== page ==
# Can sulfuric acid attack a hydrocarbon/paraffin? Under what conditions? [closed]

Sulfuric acid can attack benzene and other hydrocarbons (when mixed with hydrogen peroxide). Also, chlorine gas and bromine can replace hydrogen(s) in hydrocarbons like methane, ethane, propane,butane etc. in a presence of sunlight and/or mild heating.

Can dil. or conc. $$\ce{H2SO4}$$ be used to attack hydrocarbons and produce sulfonates? Please cite an example.

TLDR: Sulfuric acid act as catalyst in the isomerization reaction of parafin hydrocarbons and sometimes it produce undesired sideproducts like sulfonate salts, napthenic acid, bisulfite ions etc. from incomplete oxidation. It follows "hydrogen exchange mechanism.

@andselisk cited some papers that shows that sulfuric acid can act as a catalyst for the isomerization reaction of certain paraffin hydrocarbons. It is observed that sulfuric acid act destructively towards these hydrocarbons and isomerizes and some more interesting observation were made i.e which hydrocarbons isomerizes and which don't(emphasis mine):

It is clear from an examination of the experimental results that two different reactions took place. Isomerization is the only reaction at the milder experimental conditions. Some destructive alkylation takes place with 98% sulfuric acid and higher temperatures, as indicated by the production of low and high boiling compounds. In the experiments with n-octane and neohexane there is no reaction even at the boiling point of respective hydrocarbon and 98% sulfuric acid concentration. 2,4-Dimethylpentane isomerizes mostly to 2,3-dimethylpentane, with minor amounts of 2-methylhexane and 3-methylhexane. The main products of triptane isomerization were 2-methylhexane and 2,3-dimethylpentane. These results substantiate the observations of previous investigators that sulfuric acid is a specific catalyst for shifting the methyl group along the hydrocarbon chain and that only such paraffin hydrocarbons which contain tertiary carbon atoms are susceptible to isomerization with this catalyst.(1)

The mechanism of these reaction were studied previously. Scientist proposed "hydrogen exchange mechanism" from paraffin and sulfuric acid reaction:

Ingold, Raisin, and Wilson were the first to show that hydrogen exchange occurs between paraffins and sulphuric acid. It has recently been found that such exchange occurs readily only in the cases of hydrocarbons that contain hydrogen atoms on tertiary carbon atoms (tertiary hydrogens). The mechanism of the exchange process has been established by studies of the racemisation of optically active paraffins in sulphuric and by a detailed mass-spectrographic investigation using mono-deuterated butanes and [13C]isobutane.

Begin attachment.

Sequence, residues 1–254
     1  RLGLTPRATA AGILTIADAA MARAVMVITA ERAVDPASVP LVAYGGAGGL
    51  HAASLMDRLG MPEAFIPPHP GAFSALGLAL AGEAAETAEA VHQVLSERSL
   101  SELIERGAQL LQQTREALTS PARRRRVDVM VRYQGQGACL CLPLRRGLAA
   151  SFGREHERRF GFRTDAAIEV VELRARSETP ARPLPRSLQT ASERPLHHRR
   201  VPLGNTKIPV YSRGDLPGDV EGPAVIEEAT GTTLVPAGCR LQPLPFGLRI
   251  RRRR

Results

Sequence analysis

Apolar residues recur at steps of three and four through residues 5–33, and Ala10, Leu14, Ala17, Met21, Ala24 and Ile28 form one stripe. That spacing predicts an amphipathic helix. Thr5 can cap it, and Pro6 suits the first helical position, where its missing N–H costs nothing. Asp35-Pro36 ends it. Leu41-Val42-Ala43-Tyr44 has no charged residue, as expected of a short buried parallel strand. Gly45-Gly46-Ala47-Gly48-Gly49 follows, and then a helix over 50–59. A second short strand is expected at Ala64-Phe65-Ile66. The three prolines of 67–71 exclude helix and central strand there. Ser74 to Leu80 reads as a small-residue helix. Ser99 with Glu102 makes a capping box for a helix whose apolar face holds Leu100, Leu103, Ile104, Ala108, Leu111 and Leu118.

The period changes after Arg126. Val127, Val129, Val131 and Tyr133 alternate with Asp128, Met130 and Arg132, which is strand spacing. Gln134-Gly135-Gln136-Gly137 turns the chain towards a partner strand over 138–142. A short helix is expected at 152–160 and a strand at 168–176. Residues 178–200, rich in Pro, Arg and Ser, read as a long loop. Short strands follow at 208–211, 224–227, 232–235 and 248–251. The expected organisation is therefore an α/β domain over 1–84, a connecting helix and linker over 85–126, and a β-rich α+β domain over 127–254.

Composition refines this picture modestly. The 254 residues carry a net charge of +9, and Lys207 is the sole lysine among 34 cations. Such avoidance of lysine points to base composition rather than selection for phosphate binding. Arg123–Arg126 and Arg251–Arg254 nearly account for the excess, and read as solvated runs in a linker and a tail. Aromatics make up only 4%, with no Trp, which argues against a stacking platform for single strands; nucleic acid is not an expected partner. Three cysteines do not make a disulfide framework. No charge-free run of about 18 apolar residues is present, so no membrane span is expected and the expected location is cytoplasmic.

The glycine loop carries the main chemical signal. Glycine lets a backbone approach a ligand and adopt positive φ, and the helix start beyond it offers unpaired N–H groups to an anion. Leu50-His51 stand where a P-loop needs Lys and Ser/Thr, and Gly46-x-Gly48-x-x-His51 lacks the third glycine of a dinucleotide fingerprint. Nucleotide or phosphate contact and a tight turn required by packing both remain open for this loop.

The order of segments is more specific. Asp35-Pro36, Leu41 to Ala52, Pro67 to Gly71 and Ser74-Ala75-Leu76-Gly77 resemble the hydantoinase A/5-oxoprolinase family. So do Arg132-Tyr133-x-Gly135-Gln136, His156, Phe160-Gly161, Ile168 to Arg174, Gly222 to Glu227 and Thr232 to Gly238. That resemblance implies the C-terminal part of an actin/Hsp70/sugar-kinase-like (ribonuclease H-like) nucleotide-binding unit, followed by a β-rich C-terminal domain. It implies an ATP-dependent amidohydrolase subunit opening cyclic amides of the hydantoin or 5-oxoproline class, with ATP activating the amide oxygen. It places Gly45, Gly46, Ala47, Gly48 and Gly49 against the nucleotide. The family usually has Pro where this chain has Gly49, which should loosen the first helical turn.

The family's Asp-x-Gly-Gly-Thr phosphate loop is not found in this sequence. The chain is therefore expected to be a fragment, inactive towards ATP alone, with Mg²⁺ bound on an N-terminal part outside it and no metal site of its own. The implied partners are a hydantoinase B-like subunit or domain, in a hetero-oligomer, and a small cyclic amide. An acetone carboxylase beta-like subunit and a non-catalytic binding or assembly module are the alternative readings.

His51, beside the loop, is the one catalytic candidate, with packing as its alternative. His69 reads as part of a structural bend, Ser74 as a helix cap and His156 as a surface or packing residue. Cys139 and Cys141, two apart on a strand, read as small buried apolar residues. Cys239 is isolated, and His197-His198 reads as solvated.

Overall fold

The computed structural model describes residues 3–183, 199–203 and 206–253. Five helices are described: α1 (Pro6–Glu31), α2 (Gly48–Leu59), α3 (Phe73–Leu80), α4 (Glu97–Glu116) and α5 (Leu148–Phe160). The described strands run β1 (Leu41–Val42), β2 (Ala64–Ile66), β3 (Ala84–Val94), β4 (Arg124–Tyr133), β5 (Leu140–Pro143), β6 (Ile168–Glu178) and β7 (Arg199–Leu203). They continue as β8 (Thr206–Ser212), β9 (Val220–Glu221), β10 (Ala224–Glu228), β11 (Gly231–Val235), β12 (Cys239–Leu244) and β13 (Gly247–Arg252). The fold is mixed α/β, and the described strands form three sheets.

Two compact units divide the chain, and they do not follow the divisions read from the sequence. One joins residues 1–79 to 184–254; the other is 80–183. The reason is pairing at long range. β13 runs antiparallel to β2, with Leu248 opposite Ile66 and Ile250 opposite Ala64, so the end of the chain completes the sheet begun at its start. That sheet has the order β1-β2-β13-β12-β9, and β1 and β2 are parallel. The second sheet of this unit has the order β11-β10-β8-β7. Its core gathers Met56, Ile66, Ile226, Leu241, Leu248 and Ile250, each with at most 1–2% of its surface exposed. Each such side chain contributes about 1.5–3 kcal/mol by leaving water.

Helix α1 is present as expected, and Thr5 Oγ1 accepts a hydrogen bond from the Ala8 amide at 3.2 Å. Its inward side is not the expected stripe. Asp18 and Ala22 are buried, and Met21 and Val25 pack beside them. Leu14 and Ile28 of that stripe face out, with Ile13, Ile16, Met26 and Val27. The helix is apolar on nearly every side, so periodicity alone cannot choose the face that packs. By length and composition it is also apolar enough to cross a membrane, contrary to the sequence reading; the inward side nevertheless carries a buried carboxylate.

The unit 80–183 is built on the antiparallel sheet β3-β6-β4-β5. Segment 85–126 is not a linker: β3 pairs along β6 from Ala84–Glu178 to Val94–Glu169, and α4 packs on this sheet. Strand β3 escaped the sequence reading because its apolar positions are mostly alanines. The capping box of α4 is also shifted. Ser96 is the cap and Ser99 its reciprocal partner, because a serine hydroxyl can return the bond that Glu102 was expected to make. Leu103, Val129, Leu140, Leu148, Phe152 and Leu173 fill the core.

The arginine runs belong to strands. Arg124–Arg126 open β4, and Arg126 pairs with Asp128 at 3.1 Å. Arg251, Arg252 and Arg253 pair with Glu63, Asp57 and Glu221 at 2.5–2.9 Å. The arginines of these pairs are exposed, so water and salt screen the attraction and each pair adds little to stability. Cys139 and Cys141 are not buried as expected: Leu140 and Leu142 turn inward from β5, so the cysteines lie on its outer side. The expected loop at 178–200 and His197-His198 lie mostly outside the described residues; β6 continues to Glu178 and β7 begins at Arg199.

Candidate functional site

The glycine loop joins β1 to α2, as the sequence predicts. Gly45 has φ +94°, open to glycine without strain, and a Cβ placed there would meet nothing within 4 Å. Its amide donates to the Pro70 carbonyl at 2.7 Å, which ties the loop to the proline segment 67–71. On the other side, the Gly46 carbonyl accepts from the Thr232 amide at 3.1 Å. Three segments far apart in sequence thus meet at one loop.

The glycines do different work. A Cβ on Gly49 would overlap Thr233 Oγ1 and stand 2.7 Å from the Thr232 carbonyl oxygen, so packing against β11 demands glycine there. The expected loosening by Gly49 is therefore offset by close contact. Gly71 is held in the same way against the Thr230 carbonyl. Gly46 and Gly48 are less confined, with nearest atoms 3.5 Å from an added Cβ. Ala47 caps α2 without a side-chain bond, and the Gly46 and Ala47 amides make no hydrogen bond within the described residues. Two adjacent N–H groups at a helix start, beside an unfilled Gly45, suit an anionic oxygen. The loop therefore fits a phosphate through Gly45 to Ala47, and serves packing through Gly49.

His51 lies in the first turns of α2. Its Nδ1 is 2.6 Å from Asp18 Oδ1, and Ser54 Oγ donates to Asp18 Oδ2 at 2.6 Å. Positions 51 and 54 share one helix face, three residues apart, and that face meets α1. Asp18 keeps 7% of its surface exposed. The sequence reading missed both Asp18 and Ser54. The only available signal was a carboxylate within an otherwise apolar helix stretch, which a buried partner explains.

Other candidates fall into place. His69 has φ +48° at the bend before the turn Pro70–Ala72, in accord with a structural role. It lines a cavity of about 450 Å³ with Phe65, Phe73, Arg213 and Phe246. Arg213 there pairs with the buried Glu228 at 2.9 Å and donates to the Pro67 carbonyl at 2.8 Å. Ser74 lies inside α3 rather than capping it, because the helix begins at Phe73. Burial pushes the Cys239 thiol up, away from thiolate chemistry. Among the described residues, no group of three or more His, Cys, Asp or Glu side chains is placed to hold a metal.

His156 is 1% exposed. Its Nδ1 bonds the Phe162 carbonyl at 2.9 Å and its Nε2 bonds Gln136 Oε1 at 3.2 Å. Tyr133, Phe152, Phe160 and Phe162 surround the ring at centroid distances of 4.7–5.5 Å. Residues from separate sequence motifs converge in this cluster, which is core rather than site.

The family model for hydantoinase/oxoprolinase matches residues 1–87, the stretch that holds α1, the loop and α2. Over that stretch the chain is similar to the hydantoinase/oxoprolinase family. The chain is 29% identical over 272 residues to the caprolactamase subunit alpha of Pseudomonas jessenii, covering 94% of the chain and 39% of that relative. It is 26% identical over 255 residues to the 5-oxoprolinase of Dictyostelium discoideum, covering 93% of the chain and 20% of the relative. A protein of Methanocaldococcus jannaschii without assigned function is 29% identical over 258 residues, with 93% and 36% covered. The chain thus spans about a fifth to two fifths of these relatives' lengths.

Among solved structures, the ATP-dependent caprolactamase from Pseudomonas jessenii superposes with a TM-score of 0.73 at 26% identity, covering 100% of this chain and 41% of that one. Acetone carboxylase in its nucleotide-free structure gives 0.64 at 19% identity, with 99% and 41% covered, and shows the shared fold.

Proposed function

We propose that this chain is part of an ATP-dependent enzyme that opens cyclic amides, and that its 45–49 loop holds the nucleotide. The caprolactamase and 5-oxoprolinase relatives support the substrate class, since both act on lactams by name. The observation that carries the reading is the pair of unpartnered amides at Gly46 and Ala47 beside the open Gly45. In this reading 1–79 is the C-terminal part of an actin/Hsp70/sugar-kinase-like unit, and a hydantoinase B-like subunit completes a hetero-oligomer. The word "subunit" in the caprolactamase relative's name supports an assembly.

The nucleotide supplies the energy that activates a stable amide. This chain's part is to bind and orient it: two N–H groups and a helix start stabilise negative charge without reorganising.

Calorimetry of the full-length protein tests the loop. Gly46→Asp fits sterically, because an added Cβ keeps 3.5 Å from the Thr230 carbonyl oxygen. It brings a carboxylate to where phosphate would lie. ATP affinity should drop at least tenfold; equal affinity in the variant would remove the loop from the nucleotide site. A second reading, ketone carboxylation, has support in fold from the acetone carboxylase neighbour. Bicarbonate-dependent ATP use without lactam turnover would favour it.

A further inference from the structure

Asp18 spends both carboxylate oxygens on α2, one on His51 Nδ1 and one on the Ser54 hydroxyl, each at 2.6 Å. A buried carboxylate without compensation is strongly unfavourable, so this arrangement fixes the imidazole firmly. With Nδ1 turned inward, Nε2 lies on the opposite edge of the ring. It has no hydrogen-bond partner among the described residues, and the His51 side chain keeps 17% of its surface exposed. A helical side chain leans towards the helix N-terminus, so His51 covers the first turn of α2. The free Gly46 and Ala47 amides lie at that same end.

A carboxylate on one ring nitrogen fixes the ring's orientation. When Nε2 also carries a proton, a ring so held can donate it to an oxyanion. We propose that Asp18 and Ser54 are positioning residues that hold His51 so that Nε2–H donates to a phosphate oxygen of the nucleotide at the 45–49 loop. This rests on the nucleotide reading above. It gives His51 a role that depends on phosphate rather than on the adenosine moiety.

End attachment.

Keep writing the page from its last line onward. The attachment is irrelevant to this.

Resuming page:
The initial step is the formation of a very small concentration of tertiary carbonium ions by oxidation $$\ce{R3CH + 2H2SO4 -> R3C+ + HSO4- + SO2 + 2H2O}$$, followed by a chain reaction between the carbonium ions and paraffin molecules involving exchange of hydride ions between tertiary carbon atoms. An important postulate of the mechanism is that the carbonium ion intermediate is able to undergo rapid and complete exchange of hydrogen with the sulphuric acid solvent, whereas the hydrocarbon molecules are quite unreactive in this respect. The chains are thought to be terminated by some irreversible side reactions leading to non-volatile products.(2)

In case one is wondering whether some sulfonate salts is formed as a byproduct, then it has been confirmed. The reaction do produce sulfonic acid and other byproducts during the sulfuric acid treatement of wax purification process and these byproduct proved harmful if untreated as they react undesirably(emphasis mine):

Sulfuric acid treatment serves to remove resinous materials, oil, unsaturated hydrocarbons, and other unstable substances from crude wax, as well as to remove polycyclic aromatic compounds, by treatment with 102-103% oleum and subsequent neutralization with caustic.

After sulfuric acid treatment, the wax may contain free sulfuric acid or caustic, the presence of which is explained either by incomplete neutralization of the acid after treatment or by incomplete washing of the caustic used in neutralizing the acid. The presence of either acids or alkalis in waxes is extremely undesirable, since such materials will cause corrosion of metals under the conditions of production, use, and storage. These impurities in commercial paraffin waxes are the cause of undesirable processes of oxidation, resin formation, and decomposition. Apart from free sulfuric acid, derivatives such as sulfonic acids and acid esters may be present in paraffin. These are equivalent to the mineral acid in chemical action. A negative result from the test of a petroleum product for free acid or alkali still does not guarantee that these compounds will not be formed in the petroleum product. If the product contains salts of sulfonic acids, acid esters, naphthenic acids, or byproduct compounds, then the action of high temperature or moisture (hydrolysis) will quite probably result in the formation of acidic substances of a mineral nature.(3)

References

1. Reactions of Paraffin Hydrocarbons in the Presence of Sulfuric Acid V. I. Komarewsky and W. E. Ruther Journal of the American Chemical Society 1950 72 (12), 5501-5503 DOI: 10.1021/ja01168a034
2. R. J. GILLESPIE and J. A. LEISTE "THE BEHAVIOUR OF ORGANIC COMUPOUNDS IN SULPHURIC ACID "(pdf)
3. DETERMINATION OF ACIDITY OF PARAFFIN WAX by V. S. Glukhov, O. I. Lapitskaya, E. V. Zosimov, and G. M. Grechko (pdf)
4. Hydrogen Exchange and Isomerization of Saturated Hydrocarbons with Sulfuric Acid D. P. Stevenson, C. D. Wagner, O. Beeck, and J. W. Otvos Journal of the American Chemical Society 1952 74 (13), 3269-3282 DOI: 10.1021/ja01133a017(@andselisk)